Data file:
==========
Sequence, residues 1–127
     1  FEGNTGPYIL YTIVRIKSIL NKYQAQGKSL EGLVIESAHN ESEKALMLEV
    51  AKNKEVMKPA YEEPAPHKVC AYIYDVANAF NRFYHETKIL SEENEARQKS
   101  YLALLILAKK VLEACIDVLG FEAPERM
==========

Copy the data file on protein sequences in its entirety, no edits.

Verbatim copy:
Sequence, residues 1–127
     1  FEGNTGPYIL YTIVRIKSIL NKYQAQGKSL EGLVIESAHN ESEKALMLEV
    51  AKNKEVMKPA YEEPAPHKVC AYIYDVANAF NRFYHETKIL SEENEARQKS
   101  YLALLILAKK VLEACIDVLG FEAPERM